What if the Whole Class was Participating?

What if the Whole Class was Participating? - TLG-IMG-11132018When most people think about assessments, they still think mainly of summative or perhaps interim, and yet assessment plays out in classrooms every day, and often it’s not unfolding the way it should. Many classroom discussions consist of lower-order questions that are answered by only a few motivated students. These questions aren’t rich enough to provide detailed information about student learning, and responses aren’t systematically collected from all students in the class.

Formative assessment proponent Dylan Wiliam says:

The fundamental flaw in the traditional questioning model is that it makes participation voluntary. The confident students engage by raising their hands—and by engaging in classroom discussion, they become smarter. But others decline the invitation to participate and thus miss out on the chance to get smarter.

While asking the right questions is important, how educators receive answers is equally important. For teachers to truly assess student learning, all students need to participate. When all students are engaged – in answering questions, participating in classroom discussion, or sharing with peers – teachers can better determine who understands the material and who needs a little extra help. This evidence gathering is where formative assessment plays a big role.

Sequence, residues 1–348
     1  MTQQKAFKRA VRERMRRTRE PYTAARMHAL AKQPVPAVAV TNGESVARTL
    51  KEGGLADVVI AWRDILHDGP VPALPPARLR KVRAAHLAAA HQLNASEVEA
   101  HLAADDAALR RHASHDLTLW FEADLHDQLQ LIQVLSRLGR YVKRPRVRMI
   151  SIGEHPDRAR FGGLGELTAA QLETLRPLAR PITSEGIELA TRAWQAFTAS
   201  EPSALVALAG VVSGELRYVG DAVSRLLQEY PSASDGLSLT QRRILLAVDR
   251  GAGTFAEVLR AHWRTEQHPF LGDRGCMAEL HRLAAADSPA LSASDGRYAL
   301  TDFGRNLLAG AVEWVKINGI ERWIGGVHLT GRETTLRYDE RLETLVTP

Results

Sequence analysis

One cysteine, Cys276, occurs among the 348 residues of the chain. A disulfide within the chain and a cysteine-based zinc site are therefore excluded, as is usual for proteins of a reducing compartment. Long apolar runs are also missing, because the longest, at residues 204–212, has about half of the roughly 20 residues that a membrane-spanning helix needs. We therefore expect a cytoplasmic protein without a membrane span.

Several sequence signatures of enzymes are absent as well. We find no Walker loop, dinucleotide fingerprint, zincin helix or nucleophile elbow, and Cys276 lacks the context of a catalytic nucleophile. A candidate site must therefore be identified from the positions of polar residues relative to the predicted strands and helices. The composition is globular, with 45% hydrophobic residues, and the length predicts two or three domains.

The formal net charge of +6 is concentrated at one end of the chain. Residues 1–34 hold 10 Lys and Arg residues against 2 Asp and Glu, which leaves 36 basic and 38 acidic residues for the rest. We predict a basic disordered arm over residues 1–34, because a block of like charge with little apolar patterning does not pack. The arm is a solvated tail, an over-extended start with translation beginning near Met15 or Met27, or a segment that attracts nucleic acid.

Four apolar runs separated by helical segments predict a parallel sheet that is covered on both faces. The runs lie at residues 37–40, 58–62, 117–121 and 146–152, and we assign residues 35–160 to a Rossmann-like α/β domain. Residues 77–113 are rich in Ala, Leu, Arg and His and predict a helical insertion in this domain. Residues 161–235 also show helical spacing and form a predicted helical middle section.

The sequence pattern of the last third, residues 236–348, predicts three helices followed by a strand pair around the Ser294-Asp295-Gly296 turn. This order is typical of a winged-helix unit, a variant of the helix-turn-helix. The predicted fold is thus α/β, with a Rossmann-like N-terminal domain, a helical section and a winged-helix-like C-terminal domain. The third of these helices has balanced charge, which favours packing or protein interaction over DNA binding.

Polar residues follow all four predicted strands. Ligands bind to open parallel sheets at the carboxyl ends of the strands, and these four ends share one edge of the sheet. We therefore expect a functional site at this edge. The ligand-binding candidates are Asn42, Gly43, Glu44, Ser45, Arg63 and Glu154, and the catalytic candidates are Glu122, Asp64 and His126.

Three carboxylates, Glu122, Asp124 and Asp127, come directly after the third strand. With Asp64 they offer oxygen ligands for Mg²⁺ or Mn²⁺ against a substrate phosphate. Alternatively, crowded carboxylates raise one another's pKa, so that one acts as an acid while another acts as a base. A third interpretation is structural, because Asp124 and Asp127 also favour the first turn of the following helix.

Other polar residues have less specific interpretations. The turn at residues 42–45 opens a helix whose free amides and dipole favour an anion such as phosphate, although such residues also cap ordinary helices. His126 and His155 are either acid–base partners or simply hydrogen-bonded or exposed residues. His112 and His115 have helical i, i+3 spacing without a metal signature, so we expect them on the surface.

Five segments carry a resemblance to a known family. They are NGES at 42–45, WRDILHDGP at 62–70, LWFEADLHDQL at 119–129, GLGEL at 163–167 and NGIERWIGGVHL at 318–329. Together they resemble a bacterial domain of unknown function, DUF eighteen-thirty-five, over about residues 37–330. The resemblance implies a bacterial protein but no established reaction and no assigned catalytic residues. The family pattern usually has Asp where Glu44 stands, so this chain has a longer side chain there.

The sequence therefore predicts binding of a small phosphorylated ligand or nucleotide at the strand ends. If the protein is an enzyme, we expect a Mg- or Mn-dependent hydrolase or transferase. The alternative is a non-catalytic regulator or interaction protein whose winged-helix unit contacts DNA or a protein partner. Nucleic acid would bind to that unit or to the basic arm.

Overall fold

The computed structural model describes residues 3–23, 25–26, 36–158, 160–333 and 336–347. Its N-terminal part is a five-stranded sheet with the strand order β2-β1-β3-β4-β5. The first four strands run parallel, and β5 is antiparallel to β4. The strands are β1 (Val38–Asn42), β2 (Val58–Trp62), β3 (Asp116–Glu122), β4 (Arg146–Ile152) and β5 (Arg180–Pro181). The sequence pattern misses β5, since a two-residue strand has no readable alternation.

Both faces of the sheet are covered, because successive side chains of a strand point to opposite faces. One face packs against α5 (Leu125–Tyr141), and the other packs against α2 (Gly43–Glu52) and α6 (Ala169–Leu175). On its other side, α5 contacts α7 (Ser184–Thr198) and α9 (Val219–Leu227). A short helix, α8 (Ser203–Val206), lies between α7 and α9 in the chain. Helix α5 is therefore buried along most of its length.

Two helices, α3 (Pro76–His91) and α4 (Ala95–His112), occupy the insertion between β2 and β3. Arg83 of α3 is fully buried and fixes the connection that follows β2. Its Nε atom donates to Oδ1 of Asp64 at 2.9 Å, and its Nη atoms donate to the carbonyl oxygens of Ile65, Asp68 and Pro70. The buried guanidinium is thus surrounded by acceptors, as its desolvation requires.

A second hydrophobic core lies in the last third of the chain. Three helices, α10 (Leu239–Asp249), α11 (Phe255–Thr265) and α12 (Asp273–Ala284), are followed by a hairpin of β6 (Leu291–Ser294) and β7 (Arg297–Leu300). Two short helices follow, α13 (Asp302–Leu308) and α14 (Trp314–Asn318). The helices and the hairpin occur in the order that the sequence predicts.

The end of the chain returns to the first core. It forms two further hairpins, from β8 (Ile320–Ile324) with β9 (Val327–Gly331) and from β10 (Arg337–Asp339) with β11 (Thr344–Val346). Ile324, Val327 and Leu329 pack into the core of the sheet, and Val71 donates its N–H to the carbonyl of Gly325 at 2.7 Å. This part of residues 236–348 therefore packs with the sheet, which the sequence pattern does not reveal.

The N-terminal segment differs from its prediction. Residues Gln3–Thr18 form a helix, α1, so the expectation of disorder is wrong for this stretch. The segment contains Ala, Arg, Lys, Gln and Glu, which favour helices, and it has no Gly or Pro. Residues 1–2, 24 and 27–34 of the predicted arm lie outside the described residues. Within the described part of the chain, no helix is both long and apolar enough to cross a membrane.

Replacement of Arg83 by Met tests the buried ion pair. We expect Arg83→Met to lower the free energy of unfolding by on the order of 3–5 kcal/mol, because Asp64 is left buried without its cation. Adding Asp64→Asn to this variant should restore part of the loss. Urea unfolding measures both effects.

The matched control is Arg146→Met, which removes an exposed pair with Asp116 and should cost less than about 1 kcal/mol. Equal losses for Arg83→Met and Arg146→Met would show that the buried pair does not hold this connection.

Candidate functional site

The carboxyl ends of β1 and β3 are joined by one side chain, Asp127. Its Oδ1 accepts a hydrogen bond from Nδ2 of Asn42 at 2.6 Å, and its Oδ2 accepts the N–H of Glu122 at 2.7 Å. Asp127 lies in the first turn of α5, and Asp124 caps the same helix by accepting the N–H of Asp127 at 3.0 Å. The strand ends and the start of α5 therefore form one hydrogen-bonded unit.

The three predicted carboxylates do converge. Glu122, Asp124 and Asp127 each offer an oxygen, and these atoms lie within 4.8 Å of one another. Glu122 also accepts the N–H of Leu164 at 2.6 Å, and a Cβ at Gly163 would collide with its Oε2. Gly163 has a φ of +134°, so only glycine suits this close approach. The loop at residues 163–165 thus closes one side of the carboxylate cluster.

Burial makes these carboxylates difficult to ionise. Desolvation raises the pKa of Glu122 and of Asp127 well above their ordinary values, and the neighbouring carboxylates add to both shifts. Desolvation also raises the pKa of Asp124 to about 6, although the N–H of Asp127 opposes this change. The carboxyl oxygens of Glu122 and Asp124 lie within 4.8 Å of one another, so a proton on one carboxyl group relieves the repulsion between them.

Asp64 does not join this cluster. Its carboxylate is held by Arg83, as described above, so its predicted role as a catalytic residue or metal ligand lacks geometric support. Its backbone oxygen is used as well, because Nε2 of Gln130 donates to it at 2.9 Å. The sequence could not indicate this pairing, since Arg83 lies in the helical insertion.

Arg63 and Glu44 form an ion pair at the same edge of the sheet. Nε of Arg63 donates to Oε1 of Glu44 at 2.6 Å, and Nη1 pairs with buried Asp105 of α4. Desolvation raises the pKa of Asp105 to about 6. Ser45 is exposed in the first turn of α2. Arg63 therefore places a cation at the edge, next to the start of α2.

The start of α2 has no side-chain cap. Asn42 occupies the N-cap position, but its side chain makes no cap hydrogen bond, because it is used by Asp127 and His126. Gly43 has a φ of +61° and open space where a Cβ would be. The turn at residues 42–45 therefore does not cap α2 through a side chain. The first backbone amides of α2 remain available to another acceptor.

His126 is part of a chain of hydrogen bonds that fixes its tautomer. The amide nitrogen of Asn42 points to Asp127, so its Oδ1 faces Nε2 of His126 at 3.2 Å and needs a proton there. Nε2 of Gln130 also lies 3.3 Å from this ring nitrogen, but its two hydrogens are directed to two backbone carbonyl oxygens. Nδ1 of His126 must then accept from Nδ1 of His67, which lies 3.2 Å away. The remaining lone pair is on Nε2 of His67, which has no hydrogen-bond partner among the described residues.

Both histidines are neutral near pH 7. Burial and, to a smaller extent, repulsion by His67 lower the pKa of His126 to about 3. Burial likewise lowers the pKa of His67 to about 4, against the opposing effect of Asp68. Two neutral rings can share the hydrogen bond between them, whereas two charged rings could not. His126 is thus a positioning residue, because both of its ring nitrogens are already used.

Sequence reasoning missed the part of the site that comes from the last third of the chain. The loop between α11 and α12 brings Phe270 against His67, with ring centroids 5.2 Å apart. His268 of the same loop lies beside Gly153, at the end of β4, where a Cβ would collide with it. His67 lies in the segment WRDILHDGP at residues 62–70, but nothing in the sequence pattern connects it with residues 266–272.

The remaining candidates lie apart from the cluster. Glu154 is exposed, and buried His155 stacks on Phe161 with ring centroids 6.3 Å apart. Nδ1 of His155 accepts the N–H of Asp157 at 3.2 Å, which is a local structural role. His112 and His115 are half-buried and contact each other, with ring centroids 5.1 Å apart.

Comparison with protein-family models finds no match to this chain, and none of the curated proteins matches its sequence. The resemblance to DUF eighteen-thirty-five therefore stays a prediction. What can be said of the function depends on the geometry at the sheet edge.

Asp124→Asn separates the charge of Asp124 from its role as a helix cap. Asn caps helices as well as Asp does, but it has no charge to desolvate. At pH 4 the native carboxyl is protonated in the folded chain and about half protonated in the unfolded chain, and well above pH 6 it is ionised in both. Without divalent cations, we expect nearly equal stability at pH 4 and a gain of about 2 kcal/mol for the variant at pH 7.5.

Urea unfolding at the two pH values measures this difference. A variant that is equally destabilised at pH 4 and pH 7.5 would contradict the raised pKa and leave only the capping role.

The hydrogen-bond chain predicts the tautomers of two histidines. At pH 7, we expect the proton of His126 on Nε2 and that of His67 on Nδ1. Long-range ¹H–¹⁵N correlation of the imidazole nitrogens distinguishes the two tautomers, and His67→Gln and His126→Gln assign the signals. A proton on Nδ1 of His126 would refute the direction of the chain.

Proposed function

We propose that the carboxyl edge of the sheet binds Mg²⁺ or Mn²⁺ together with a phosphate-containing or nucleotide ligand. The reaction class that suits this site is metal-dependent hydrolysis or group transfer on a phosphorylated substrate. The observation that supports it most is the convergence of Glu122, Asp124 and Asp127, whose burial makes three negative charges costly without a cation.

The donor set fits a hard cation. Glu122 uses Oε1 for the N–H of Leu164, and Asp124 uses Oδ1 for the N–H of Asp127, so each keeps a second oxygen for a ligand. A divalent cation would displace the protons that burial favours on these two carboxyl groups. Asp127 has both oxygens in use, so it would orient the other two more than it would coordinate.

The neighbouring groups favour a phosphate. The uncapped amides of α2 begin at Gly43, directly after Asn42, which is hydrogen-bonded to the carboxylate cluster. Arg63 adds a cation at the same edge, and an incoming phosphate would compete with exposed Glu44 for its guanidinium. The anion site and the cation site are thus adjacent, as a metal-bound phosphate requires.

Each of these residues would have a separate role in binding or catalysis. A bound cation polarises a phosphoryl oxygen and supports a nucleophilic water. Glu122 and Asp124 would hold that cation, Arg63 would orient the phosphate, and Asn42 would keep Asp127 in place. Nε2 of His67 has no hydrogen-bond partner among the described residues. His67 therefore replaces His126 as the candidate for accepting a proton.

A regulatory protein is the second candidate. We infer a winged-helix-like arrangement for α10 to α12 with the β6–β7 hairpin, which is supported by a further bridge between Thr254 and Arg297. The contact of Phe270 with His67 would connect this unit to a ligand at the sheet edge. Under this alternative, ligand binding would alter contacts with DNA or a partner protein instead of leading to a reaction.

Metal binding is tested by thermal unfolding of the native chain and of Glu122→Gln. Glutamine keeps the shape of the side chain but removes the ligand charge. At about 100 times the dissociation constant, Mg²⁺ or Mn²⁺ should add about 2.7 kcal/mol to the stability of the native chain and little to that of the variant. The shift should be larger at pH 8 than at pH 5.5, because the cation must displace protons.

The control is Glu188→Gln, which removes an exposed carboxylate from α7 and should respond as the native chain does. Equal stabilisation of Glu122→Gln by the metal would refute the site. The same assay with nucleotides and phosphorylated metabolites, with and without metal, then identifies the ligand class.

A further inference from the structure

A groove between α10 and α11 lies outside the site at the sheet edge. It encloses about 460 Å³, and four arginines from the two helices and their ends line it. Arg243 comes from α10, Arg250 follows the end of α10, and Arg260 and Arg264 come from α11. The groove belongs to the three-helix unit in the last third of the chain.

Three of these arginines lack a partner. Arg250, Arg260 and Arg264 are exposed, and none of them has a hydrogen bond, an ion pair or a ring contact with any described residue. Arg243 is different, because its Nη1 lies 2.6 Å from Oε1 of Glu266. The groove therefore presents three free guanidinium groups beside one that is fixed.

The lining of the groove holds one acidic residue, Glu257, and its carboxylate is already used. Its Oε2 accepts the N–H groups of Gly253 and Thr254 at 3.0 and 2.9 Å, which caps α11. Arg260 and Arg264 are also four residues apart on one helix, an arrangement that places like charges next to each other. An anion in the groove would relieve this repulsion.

Formative assessment is a set of strategies, techniques, and tools that encourages both students and teachers to continually gather evidence of learning in the classroom and use that evidence to adapt instruction and learning moment-to-moment and day-to-day.

Tweet: What if the Whole Class was Participating? https://ctt.ec/4ETmN+ #edchat #education #FormativeAssessment #teachersUsed during instruction, formative instructional practice creates an environment where educators and students:

  • collect critical information about learning progress
  • uncover opportunities for review
  • provide feedback
  • suggest adjustments to both the teacher’s approach to instruction and the student’s approach to learning

Many different tools support the practice of formative assessment in collecting information about learning and providing feedback. Here are just a few you may already be familiar with:

  • hand-held clickers
  • individual whiteboards
  • status indicators (red, yellow, green)
  • teacher created tests, quizzes, and item banks

For a detailed list, you can check out my blog – The Ultimate List: 65 Digital Education Tools and Apps to Support Formative Assessment Practices (one of our most popular blogs here at Teach. Learn. Grow.!).

Have you tried formative assessment in your classroom? What strategy do you prefer, and how is it working? Share your thoughts with us on Facebook or send us a Tweet (@NWEA). We’d love to hear from you!